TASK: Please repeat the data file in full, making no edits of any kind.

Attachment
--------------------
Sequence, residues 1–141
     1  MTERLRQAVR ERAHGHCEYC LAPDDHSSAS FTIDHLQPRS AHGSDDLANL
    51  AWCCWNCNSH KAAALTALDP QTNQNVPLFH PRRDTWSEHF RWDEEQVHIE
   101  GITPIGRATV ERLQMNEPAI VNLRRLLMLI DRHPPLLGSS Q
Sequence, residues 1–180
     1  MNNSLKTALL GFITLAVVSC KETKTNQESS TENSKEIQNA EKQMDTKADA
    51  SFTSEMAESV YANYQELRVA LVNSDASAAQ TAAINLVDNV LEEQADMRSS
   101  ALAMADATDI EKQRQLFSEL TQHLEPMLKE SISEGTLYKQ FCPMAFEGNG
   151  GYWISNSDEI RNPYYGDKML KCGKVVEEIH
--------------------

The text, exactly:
Sequence, residues 1–141
     1  MTERLRQAVR ERAHGHCEYC LAPDDHSSAS FTIDHLQPRS AHGSDDLANL
    51  AWCCWNCNSH KAAALTALDP QTNQNVPLFH PRRDTWSEHF RWDEEQVHIE
   101  GITPIGRATV ERLQMNEPAI VNLRRLLMLI DRHPPLLGSS Q
Sequence, residues 1–180
     1  MNNSLKTALL GFITLAVVSC KETKTNQESS TENSKEIQNA EKQMDTKADA
    51  SFTSEMAESV YANYQELRVA LVNSDASAAQ TAAINLVDNV LEEQADMRSS
   101  ALAMADATDI EKQRQLFSEL TQHLEPMLKE SISEGTLYKQ FCPMAFEGNG
   151  GYWISNSDEI RNPYYGDKML KCGKVVEEIH